• Lipid;
  • Enzymes;

(4) Grana: The stalked thylakoids constitute the grana. Granum (singular) is the functional unit of the chloroplast. The size of the ganaum may range from 0.3-2.7 µm. The number of thylakoids in a granum may vary from 50 to 100. Each chloroplast usually contains 40-60 grana in their matrix.

(5) Stroma Lamallae: The grana are interconnected by a network of tubules, known as stroma lamellae or intergranal frets.

(6) Quantosomes: The thylakoid is composed of smaller spherical bodies called quantosomes. Each quantosome consists of about 250-300 molecules of chlorophyll and few carotenoid particles which are capable of carrying on Hill reactions of photosynthesis.

image of structure of chloroplast

Structure of Chloroplast

Functions of Chloroplast

The chloroplast performs the following important functions:

  • Chloroplast receives light energy and converts it into biological energy;
  • They produce NADPH2 and ATP (Adenosine Tri-Phosphate) by the process of photo-phosphorylation;
  • They help to make food (carbohydrates) by the photosynthesis process. In this case, glucose is produced using sunlight, CO2, and H2O;
  • DNA and RNA of chloroplast synthesize of protein with the help of enzymes;
  • They fight against diseases as part of the immune system of the cell;
  • They store energy for the cell;
  • They make amino acids for the cell;

(2) Phaeoplast: It is brown colored plastid which contains the pigment fucoxanthin. Fucoxanthin is a carotenoid pigment which absorbs light and transfers the energy to chlorophyll a. These types of pigments are found in diatoms, brown algae, and dinoflagellates, etc.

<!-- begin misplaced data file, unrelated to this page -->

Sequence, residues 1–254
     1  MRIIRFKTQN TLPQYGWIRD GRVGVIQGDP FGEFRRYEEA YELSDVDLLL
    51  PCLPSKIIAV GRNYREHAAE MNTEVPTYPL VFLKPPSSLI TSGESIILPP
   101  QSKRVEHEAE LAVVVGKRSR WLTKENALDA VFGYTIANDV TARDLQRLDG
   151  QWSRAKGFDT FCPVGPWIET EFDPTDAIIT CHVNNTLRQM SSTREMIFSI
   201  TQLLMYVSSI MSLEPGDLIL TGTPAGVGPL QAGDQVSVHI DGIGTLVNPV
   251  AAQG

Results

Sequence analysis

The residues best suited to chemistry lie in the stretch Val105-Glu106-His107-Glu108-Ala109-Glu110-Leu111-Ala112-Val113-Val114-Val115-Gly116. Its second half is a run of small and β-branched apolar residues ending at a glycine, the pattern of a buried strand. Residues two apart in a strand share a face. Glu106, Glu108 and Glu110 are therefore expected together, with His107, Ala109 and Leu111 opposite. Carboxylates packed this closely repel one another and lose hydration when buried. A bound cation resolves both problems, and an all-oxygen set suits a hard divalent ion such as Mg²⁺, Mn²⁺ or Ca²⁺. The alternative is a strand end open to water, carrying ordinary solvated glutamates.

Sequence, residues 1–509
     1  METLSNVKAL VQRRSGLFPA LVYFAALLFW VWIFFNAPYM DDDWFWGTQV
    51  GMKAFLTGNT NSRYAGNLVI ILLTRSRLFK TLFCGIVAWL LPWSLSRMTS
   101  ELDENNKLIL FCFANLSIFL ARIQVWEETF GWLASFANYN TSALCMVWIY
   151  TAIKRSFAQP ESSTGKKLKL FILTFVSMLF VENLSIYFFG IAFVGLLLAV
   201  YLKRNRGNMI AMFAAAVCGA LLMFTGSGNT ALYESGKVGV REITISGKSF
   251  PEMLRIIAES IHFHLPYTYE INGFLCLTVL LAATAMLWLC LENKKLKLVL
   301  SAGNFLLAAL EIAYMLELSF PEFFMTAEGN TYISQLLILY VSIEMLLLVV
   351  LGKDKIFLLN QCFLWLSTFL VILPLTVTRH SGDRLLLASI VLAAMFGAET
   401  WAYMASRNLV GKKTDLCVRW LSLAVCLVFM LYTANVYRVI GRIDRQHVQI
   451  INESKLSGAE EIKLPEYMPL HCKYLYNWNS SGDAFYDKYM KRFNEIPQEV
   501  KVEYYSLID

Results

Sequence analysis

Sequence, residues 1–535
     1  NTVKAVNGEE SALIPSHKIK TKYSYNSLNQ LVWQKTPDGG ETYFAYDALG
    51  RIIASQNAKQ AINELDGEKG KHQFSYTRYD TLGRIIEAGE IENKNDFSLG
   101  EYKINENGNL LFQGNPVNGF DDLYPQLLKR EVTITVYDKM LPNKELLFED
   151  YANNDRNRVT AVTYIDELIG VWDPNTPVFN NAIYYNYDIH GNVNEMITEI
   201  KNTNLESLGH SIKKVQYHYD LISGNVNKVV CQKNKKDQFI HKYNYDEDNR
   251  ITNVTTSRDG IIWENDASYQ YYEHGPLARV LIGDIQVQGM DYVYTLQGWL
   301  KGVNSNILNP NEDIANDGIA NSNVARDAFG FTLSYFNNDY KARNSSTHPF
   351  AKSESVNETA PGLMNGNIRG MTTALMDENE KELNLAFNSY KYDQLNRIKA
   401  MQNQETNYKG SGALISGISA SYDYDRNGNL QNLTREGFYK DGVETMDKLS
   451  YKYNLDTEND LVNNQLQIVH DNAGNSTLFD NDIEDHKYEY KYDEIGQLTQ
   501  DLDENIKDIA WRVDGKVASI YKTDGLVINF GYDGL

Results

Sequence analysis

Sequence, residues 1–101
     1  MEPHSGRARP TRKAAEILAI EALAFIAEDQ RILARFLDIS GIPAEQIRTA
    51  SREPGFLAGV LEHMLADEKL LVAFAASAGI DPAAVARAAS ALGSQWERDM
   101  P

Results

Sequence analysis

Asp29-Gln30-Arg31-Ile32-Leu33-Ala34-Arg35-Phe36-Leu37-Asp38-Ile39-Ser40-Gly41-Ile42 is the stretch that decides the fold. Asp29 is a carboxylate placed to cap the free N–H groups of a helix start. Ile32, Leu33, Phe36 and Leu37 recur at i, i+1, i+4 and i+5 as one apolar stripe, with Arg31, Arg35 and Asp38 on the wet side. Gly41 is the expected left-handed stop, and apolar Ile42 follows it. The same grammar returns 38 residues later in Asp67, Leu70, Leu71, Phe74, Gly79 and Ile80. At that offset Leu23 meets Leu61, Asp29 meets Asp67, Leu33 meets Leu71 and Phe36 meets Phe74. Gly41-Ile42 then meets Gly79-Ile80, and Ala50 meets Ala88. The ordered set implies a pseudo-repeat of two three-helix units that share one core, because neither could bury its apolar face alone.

(3) Rhodoplast: It is red colored plastid which contains the pigment phycoerythrin and they are found in red algae.

4. Blue-green Chromoplast: This type of chromoplast contains following pigments like phycocyanin, phycoerythrin, chlorophyll a and carotenoids. They are found in the blue-green algae.

B. Leucoplasts

This type of plastid does not have any pigments. They store food materials like carbohydrates, lipid, and protein. They are found in the sex cells and in the region of the plant that does not receive light. They may be rod-like or spherical in shape and are of many types:

(1) Amyloplast: It is double-enveloped organelle which can perform various biological pathways. It synthesizes and stores starch through polymerization of glucose in the endosperm, tubers, and cotyledons. Sometimes amyloplast can turn into the chloroplast.

(2) Elaioplast: This is one type of non-pigmented leucoplast which stores the lipid, oils, and they occur in seeds.

(3) Proteinoplast: It is identified in the year of 1960. It is also known as proteoplasts, aleuronaplasts, and aleuroplasts. This type of plastid stores protein. They are found in seeds of many plants peanuts, pulses, nuts, etc.

Plastid At  a Glance

Plastid types

Pigment types

Where found

Role

A. Chromoplast:

(1) Chloroplast

Chlorophyll a and b

Higher green plants and green algae

Photosynthesis

(2) Phaeoplast

Fucoxanthin

Brown algae, Diatoms, Dinoflagellates

Absorbs light and transfer energy

(3) Rhodoplast

Phycoerythrin

Red algae

Absorbs light and transfer energy

(4) Blue green chromoplast

Phycocyanin, phycoerythrin, chlorophyll a and carotenoids

Blue green algae

Photosynthesis

B. Leucoplast

 (1) Amyloplast

 -

Food storage cell

 Starch synthesis and store it

(2) Elaioplast

-

Some monocots and dicots seeds

Store oils and lipid

(3) Proteinoplast

-

Paenuts, pulses, nuts etc.

Stores protein

You may also read: ​Lysosome and its functions